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Pedagogical Songs: learn by doing game based activities


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Author: Santiago Palacios Navarro

Published in: Education, Technology
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    1. Pedagogical Songs: learn by doing game based activities Santiago Palacios Navarro University of the Basque Country, Spain Summary The learning experience we describe in this paper does not have the creation of games as a priority, but the psychodidactic reflection about it and other aspects involved in the efficiency of recreational activities.'
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Pedagogical Songs: learn by doing game based activities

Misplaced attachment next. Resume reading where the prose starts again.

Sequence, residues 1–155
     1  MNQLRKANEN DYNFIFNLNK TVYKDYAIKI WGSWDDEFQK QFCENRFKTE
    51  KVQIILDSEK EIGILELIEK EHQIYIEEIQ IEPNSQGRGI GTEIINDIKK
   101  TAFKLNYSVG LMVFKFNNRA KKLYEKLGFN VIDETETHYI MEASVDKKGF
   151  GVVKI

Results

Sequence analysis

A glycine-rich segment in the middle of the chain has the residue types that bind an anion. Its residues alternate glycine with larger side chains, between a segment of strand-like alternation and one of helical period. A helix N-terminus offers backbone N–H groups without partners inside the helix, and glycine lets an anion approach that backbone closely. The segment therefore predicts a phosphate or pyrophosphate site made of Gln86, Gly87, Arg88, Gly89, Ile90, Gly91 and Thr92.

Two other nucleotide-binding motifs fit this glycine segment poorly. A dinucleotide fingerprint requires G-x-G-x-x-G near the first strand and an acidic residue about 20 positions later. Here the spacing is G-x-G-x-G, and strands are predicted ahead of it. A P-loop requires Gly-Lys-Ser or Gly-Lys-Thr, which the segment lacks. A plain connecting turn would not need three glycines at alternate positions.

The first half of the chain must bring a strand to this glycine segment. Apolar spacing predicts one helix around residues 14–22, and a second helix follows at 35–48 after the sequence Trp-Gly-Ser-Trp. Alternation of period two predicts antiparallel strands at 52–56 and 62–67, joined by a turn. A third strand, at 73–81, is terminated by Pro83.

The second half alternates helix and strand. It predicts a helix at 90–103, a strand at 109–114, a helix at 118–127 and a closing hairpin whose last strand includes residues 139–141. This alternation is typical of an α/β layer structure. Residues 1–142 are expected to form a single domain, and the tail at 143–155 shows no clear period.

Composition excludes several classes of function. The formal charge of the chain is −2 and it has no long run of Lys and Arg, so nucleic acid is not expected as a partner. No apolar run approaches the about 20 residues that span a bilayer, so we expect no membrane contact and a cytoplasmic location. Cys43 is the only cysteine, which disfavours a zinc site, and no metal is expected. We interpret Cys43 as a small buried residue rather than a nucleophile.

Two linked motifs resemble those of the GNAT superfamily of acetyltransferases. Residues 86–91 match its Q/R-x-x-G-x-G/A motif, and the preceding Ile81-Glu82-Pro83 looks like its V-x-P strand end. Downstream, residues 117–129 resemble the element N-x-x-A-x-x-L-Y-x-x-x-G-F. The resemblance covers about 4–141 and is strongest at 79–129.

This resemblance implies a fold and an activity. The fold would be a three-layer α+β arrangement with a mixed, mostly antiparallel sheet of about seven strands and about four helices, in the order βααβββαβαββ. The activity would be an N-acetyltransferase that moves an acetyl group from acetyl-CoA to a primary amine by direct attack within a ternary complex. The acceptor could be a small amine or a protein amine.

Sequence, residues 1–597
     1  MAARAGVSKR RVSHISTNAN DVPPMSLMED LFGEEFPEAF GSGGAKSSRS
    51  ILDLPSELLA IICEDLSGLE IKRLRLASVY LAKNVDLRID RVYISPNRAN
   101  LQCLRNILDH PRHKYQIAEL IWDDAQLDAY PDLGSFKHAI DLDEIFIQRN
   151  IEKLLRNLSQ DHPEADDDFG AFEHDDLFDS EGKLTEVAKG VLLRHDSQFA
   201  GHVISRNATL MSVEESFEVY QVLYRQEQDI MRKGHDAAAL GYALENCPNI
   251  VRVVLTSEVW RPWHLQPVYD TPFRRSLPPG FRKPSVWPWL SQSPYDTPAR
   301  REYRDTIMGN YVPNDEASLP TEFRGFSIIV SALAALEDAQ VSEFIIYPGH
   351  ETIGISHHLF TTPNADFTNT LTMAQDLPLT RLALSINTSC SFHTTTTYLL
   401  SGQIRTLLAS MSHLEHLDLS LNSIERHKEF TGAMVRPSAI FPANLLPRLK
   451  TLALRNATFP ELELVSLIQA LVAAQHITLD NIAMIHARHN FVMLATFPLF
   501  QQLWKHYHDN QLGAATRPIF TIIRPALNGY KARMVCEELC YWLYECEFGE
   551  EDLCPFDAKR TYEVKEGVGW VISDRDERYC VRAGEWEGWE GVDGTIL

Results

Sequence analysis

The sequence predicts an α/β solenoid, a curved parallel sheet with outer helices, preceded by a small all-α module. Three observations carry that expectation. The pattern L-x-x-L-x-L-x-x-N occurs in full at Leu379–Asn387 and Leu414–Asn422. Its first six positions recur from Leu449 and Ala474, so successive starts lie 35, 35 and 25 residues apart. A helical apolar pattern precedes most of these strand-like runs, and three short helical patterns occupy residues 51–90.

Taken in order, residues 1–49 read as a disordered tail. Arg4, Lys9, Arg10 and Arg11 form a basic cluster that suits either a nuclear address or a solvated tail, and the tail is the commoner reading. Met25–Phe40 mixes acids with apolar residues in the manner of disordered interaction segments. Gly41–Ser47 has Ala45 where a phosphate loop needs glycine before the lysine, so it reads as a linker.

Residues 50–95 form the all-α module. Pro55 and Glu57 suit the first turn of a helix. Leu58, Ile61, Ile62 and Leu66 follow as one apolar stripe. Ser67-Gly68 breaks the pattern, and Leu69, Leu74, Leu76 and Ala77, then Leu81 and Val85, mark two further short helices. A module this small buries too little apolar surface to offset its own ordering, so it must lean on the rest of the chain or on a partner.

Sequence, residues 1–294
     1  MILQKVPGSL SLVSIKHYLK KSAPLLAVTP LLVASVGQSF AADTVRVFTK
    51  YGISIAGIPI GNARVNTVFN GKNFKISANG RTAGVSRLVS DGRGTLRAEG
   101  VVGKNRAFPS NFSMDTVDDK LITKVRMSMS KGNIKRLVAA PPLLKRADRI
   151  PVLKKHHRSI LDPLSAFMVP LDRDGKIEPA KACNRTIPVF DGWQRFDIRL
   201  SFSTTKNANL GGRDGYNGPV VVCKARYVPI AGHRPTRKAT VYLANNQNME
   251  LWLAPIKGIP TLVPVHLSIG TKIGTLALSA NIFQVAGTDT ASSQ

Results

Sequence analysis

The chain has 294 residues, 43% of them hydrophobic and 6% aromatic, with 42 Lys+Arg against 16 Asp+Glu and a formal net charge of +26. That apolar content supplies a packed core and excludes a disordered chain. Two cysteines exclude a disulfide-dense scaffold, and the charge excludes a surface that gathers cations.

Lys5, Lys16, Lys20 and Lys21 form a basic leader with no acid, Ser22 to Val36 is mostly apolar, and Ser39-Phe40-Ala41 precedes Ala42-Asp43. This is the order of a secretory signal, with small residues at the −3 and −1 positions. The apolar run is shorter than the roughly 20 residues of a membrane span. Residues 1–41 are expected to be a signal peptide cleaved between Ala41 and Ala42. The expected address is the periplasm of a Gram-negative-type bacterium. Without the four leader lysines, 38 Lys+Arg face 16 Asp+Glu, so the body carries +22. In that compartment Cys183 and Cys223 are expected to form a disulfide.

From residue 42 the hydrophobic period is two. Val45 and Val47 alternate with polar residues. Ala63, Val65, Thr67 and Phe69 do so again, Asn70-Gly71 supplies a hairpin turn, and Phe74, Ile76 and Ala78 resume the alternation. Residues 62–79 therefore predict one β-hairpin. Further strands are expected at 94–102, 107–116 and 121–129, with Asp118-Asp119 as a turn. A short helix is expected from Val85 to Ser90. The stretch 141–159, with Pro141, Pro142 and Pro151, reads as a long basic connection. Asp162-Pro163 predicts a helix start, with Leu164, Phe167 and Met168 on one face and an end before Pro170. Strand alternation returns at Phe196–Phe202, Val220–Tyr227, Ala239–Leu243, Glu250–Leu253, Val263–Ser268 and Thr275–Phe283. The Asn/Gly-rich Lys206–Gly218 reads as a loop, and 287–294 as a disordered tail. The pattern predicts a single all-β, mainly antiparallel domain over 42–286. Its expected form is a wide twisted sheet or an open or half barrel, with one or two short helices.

1. 1. Pedagogical Songs: learn by doing game based activities Santiago Palacios Navarro University of the Basque Country, Spain Summary The learning experience we describe in this paper does not have the creation of games as a priority, but the psychodidactic reflection about it and other aspects involved in the efficiency of recreational activities. Based on games and online activities developed from the study of a song, the project has been implemented throughout the last six years in the “Educational Psychology” course, taught as part of the Teaching degree specialised in Foreign Language at the University of the Basque Country (Spain). However, it should be pointed out that Pedagogical Songs has a distant reference in a radio programme called “Pedagogical Pop”, broadcasted during the 1980s and 90s in the Spanish public channel RNE 3. In this show, the vocabulary and pronunciation of a song were analysed, highlighting expressions, analysing the meaning and so on. Students of this course are reminded that the aim of the project is not only to create a technological product, but to understand and use some of the educational contributions made by different psychological models, such as behaviourism, information processing, social learning, constructivism or psycho-instructional theories. In short, with this project students face a structured activity, guided by the teacher and carried out with the collaboration of other colleagues; it is clearly focused on a specific content of the school curriculum and the learning objectives of the students. Finally, it takes advantage of the potential computing offers in the design of activities, taking also into account the previous knowledge of students. The main conclusion of this initiative is that beyond complex technological teaching methods, the use of more basic and less powerful tools can be quite effective in order to achieve our real objective: the psychodidactic integration of ICT into school life. Keywords: Practice, eLearning, Competences, University, psychodidactic, pedagogical, music, educational psychology 1 ICT, language teaching and edu(cational)-entertainment Although it is almost an odd neologism, “edu-entertainment” is a good name for the theoretical framework that supports the teaching experience analysed in this article. There is no doubt that especially teenagers are consumers of digital products which can be considered as mere games or puzzles but often they can also be considered educational activities (Carrasco, 2005). Similarly, the Internet is full of sites where traditional games and puzzles in print (crossword puzzles, word search, Hangman, sudoku…) have psycho didactically become very attractive virtual activities, especially in the field of language teaching (García-Valcárcel, 1999; Herrera, 2007; Quintana y Suárez 2007). In this way, focusing on the functions that are given to the educational software (Marques, 2000; Martín-Laborda, 2005) such activities fulfil, in more or less extent, the following ones: 1 eLearning Papers • • Nº 13 • April 2009 • ISSN 1887-1542